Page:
• Hourly Employee Team: Successful safety processes employ Hourly Employee Teams. A “near-hit” review team is very helpful in building trust and involvement. Finding safety champions in the hourly workforce to develop a team to promote, review, solicit and develop solutions is a very effective way to encourage reporting of near-hits.

  • Anonymous: At least initially, it is best to keep reporting anonymous. This applies to relating personal events as well as those witnessed happening to others. NO NAMES… just the event. Until employees are confident that reprisals will not occur from sharing near-hits, anonymity will be more conducive to participation. Once a process is in full swing, the importance of anonymity may dwindle and employees will share openly.

  • Respond: Once near-hit reports start being submitted, it is important to respond to them. They should be communicated to the entire workforce for their review and input and then acted on. Solutions should be explored and shared.

  • Involvement: Everyone should be involved. One method of encouraging hourly employees to participate is for management and supervisors to share their personal near-hits (we all have them…whether at work or at home). This can be done in shift meetings. If a manager or supervisor shows willingness to talk about their near-hits, hourly employees may become more comfortable sharing their own.

    If a facility is part of a larger corporation, intra-company sharing is strongly encouraged. “Best practices sharing” is an initiative that has been growing stronger in recent years. Who can argue against sharing safety best practices?

    Inviting employees’ families to participate can be also very effective. A Plant Safety Activity Day, including families in attendance, is one way of accomplishing this.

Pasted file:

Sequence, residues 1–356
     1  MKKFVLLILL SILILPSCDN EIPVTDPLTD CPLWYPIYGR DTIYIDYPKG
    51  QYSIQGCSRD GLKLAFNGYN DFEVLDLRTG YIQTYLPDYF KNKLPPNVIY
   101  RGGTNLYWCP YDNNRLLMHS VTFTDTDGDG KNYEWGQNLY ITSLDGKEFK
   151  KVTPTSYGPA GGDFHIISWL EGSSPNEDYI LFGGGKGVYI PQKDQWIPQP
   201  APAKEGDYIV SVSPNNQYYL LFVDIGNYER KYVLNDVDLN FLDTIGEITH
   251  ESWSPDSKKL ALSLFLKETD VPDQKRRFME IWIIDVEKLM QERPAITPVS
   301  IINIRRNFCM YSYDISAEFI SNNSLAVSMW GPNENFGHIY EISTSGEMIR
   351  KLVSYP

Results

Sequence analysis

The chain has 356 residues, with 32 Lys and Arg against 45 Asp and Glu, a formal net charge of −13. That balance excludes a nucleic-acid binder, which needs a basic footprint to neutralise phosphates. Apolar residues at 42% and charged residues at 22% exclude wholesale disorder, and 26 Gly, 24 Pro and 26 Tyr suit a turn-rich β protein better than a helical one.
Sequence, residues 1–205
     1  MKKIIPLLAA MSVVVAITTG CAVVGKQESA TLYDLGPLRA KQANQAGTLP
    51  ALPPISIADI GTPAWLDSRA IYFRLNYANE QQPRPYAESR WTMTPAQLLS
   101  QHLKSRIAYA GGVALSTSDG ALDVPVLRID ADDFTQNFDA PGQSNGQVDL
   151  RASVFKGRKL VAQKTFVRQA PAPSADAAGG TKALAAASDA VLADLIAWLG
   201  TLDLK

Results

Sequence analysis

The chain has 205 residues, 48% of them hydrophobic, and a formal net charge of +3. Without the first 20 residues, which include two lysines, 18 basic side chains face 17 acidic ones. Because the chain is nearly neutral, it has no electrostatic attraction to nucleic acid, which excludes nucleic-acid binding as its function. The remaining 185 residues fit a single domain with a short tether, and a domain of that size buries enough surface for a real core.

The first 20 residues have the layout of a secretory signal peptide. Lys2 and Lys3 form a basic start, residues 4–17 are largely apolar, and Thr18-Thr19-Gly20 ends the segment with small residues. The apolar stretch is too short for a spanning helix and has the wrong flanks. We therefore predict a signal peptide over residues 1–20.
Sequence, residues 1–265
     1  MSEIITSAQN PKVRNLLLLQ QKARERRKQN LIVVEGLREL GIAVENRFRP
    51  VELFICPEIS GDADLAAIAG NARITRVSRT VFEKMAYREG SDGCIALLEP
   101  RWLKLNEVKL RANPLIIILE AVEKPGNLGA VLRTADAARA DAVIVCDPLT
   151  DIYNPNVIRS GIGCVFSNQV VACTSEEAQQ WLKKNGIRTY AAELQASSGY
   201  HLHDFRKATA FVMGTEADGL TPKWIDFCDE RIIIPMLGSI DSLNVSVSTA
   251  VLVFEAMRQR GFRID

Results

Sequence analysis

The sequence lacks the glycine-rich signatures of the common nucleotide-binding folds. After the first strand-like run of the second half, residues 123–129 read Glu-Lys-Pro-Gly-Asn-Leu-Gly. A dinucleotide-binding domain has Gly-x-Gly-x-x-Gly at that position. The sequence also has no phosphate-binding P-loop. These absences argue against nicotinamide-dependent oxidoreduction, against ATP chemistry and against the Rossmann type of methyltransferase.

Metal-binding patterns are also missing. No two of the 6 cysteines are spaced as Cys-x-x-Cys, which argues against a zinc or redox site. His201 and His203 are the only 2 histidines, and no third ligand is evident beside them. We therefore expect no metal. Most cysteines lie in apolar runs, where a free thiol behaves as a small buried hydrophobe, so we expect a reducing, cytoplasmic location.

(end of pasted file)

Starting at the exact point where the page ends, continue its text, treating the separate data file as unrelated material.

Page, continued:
• Non-punishing: Management and supervision must make a commitment that punishment will not occur when near-hits are reported. This is a sure way to deter participation. It must be remembered that the goal is to improve safety, and by sharing near-hits future incidents could be avoided.

  • Give Positive Reinforcement/Recognition: It has been documented over and over again that positive reinforcement/recognition motivates people to discretionary effort. Workers will do more work than expected if they are recognized for their work. As near-hit reports are submitted it should be communicated to the workforce that this is a “good thing.”

    Building trust

    In the words of a great teacher/philosopher: Tell me and I will forget…Show me and I will remember… Involve me and I will understand. And adding our words: Recognize me and I will do it again and again.

    Trust is a building process. Positively reinforced participation will provide a foundation to build a sound structure (culture) of sharing.

    You don’t need to wait for a serious injury, incident or death in order to analyze what changes need to be made in working conditions or safety practices. Rather, use an incident or near-hit as an opportunity to find and eliminate causes of problems that could result in serious injuries, death or property damage.

    It can never be over-emphasized: Employees are a company’s greatest asset and resource. To achieve safety success, do whatever you can to encourage them to share their experiences, knowledge of their jobs and recommendations.

    SIDEBAR: It’s a good thing…

    One of the keys to successfully integrating near-hit reporting into your safety culture is positive reinforcement. By making near-hit reporting a positive experience for your employees, they will more readily participate in the activity.

    Plant-wide celebrations that recognize: 1) employees’ participation in near-hit reporting, and 2) achieved solutions to the causes of the near-hits, will go a long way toward building trust and active participation by all.